If Atlas Comics ever had a clear sense of what we’d today label, with perhaps something of a shudder, a brand identity, then it struggled to transmit whatever that might have been. At first glance, Marvel was the company that Atlas appeared to be modelling itself upon. As I wrote about in yesterday’s post, part of that sense came from the relative dynamism of Atlas’ covers, the Stan Lee-emulating tone of its editorial material, and the presence on its pages of a few obvious examples of Marvel-baiting. There were other signs too, for those comics fans who knew enough to notice them. The particular spread of genre types in Atlas’ early promotional material – see Ernie Colon posters above and below – resembled Marvel’s then-current roster of properties far more than those of any other comics publisher. So too, the selection of formats that Atlas opted for – a mixture of standard floppies and magazine-sized exploitation titles – matched, with the exception of treasury-sized one-shots, Marvel’s typical output of the period. Given that few readers would be encountering Atlas without any kind of experience of comics, those first impressions, and the associations they inevitably triggered, were both unavoidable and of crucial importance.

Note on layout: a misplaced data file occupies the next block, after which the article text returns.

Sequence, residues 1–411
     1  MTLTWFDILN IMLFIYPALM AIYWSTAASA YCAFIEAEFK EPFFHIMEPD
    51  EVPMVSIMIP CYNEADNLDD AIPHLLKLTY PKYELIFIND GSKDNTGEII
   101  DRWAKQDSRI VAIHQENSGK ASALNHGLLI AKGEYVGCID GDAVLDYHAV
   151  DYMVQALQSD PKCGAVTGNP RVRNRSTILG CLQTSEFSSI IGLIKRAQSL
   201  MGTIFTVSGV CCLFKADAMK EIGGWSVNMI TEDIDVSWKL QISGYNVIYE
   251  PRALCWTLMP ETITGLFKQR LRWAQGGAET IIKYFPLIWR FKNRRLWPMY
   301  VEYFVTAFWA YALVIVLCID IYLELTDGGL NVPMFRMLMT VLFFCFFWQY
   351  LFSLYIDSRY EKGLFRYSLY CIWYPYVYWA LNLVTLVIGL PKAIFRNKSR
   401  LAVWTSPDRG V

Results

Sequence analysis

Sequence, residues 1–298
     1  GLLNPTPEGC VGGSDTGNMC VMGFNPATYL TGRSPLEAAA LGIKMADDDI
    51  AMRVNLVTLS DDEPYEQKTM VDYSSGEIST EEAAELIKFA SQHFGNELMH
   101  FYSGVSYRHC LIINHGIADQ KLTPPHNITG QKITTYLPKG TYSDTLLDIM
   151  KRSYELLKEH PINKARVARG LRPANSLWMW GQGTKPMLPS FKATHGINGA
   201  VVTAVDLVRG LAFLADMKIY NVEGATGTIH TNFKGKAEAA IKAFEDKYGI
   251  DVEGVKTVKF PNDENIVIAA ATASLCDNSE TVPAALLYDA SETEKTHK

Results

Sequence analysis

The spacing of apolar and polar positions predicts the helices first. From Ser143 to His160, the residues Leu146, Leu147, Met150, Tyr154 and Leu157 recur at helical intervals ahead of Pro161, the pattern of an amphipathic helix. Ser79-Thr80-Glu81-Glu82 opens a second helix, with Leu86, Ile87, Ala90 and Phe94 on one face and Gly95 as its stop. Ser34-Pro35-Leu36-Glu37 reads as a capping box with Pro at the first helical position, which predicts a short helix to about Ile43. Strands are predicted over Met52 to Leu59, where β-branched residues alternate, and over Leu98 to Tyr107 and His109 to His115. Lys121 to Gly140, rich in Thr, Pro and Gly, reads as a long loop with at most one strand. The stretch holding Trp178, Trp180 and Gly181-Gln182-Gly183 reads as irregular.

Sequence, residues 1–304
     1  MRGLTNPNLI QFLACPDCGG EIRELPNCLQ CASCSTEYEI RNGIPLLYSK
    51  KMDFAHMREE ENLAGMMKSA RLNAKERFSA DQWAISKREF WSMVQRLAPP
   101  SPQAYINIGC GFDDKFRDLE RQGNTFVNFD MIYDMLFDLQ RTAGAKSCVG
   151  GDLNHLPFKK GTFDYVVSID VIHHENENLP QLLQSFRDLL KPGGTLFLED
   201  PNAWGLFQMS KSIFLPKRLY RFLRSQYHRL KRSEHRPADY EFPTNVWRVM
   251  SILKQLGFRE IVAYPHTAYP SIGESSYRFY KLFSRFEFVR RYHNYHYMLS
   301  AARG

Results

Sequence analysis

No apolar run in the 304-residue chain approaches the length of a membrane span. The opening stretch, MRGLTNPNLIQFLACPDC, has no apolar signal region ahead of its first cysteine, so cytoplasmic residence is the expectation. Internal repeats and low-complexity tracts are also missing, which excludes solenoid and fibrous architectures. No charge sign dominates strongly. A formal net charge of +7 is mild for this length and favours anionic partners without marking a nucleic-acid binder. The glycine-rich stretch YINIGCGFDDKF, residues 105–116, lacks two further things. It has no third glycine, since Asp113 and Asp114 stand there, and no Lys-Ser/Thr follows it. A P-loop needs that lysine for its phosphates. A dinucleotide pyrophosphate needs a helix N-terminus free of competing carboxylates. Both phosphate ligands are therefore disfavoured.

But it was in the packaging and editorial content of Atlas’ comics and magazines that that similarity largely began and ended. Once past those aspects, Atlas’ comics hosted a confusing variety of storytelling traditions which, to those looking for Marvelesque tales, were often associated with less commercially successful and fan-credible publishers. In short, the very expectations that Atlas attempted to drum up were highly likely to trigger disappointment and even distaste. Few of Atlas’ creators were of, for all the talk of higher rates and reprint royalties, what was then considered to be the first-rank. Even Steve Ditko, whose star at Marvel had shone as bright as anyone else’s a decade before, was now associated with low-pay, low-quality assignments from Charlton Comics along with better paid if unavoidably peripheral roles at DC. (Other examples of long-experienced and highly able artists at Atlas then considered to be, with all the brutal dismissiveness of a mass medium read by a largely young audience, no-longer-ready-for-primetime included Wally Wood, on The Destructor, and Mike Sekowsky, on Lomax N.Y.P.D.) Where the most prominent and respected writers and artists of the period did appear in Atlas publications, it was either in brief and soon-concluded bursts, such as with Neal Adams’ few covers, or on individual titles which fell short of expressing the best of their talents, as with Archie Goodwin’s middling scripts for The Destructor. (Goodwin’s work on the two issues of the black and white Thrilling Adventures Stories magazine was, however, a rare exception to this rule, and it is one I’ll happily return to.) In short, what passed as both commercially beguiling and inspirationally top-notch in that period was, in Atlas’ books, thin on the ground. Similarly, work that might convincingly pass as akin to Marvel’s was, again, largely absent.